When psychiatrist Janet Lewis thinks back to the aftermath of Hurricane Hugo in 1989, she still remembers the horizontal trees and the collective grief. In her town of Charleston, South Carolina, there was “sadness and desolation,” she says. “You can kind of feel like your whole world is turned upside down when the environment isn’t how it’s supposed to be.”
There’s a word for this experience: “solastagia.” The term, coined by philosopher Glenn Albrecht, refers to the specific kind of climate-induced anxiety that comes from witnessing the destruction of your home environment.
Along with causing existential worry, climate change upends ecosystems, destabilizes economies, intensifies natural disasters, and brings heat waves — all things that can contribute to mental health issues. Lewis, a member of the Climate Psychiatry Alliance, explains that this kind of destabilization “is disruptive to peoples’ lives in practical ways, as well as being psychologically disturbing.”
If past storms are a testament, Hurricane Michael and Hurricane Florence will have far-reaching effects on mental health. Hurricane Maria left Puerto Rico residents in a state of prolonged darkness, literally and psychologically. After her hometown went two months without electricity last year, Maria survivor Gina Dacosta told Grist, “I was not willing to cope with that emotionally. I was going insane.” And New York City experienced lasting mental health devastation after Hurricane Sandy hit in 2012: Five years later, the rate of adult psychiatric hospitalizations on the Rockaway Peninsula was nearly double that of the city as a whole.
The toll that climate change takes on mental health can be hard to quantify, but researchers recently made headway in documenting this important relationship. A new study in the Proceedings of the National Academy of Sciences marks one of the first large-scale studies on the mental health impact of climate change.
The researchers brought together meteorological and climatic data with reported mental health difficulties drawn from nearly 2 million randomly sampled U.S. residents. They found that exposure to extreme weather, monthly increases in average temperature, and hurricanes all worsen mental health conditions.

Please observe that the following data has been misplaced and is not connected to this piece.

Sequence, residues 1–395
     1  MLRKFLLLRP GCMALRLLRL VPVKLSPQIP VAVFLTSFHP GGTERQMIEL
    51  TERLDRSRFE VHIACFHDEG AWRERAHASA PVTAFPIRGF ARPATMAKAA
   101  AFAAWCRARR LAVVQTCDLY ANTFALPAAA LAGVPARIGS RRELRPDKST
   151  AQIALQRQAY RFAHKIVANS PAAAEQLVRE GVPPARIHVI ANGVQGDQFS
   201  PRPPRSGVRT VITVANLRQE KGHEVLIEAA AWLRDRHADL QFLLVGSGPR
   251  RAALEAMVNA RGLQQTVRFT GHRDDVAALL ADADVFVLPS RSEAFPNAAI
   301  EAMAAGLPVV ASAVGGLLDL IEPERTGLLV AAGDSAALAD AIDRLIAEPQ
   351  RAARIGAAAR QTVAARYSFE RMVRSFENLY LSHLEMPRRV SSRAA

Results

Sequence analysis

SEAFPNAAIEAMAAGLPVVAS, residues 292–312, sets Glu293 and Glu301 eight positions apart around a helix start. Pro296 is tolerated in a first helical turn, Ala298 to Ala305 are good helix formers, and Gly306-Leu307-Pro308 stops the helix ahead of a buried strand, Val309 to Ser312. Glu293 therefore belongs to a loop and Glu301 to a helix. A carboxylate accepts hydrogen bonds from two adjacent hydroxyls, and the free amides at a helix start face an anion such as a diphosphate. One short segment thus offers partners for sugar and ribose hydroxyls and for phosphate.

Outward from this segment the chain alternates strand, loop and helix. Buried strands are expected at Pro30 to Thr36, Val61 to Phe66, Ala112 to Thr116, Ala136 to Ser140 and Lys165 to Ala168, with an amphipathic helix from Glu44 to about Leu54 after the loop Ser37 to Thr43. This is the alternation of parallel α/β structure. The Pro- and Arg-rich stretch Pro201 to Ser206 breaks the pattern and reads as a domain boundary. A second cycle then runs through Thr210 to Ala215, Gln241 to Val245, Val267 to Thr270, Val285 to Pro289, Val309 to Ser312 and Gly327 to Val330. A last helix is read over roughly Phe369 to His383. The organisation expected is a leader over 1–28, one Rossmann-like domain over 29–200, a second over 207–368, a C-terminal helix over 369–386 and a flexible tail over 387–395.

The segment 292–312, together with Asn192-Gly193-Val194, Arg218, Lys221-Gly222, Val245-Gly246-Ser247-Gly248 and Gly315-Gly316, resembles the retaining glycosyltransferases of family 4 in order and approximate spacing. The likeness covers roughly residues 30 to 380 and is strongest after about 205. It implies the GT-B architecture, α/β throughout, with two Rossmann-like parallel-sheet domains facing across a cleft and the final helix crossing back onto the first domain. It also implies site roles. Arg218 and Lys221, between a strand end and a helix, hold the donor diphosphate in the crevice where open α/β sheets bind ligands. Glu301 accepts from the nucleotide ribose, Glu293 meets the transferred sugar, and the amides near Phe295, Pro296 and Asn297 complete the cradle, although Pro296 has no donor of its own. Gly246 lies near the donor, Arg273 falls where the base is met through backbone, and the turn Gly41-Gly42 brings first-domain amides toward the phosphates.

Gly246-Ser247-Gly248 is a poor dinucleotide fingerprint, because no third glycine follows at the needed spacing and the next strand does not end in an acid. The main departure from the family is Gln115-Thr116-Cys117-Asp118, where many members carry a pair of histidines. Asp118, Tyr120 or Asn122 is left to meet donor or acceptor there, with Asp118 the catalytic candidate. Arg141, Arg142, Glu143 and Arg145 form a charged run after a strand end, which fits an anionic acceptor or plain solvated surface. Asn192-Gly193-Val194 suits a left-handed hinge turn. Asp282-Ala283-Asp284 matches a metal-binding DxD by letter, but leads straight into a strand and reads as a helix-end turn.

Previous studies have looked at climate change’s impact on mood and on suicide. However, there hasn’t been much research between those extremes, says Nick Obradovich, the lead author on the study and a researcher at MIT’s Media Lab. To capture that middle ground, Obradovich and his team used the Centers for Disease Control and Prevention’s collected responses to the question: “Now thinking about your mental health, which includes stress, depression, and problems with emotions, for how many days during the past 30 days was your mental health not good?”
They found that when the average monthly temperature in already hot places got even hotter — shifting from 77-86 degrees F to above that range — there was a 0.5 percent increase in self-reported mental health issues. It sounds small, but if extrapolated across the current U.S. population over a 30-day period, that increase would lead to almost 2 million additional individuals reporting mental health difficulties.
The systems we have in place aren’t equipped to handle this influx of mental health issues, says psychiatrist Elizabeth Haase, another member of the Climate Psychiatry Alliance. She says it may require rethinking and restructuring our mental health care system, with an emphasis on community-based and value-based health care, where medical professionals are paid based on outcome.
The American Psychiatry Association acknowledged the potential toll of climate change last year in a position statement. It vowed to “support and collaborate with patients, communities, and other healthcare organizations engaged in efforts to mitigate the adverse health and mental health effects of climate change,” yet no substantial actions have been taken to this end. Lewis says many fields have dealt with similar inertia because climate change requires a different kind of thinking.
“We have to be thinking of this as one, big slow moving disaster,” she says. “And that’s a different mindset.”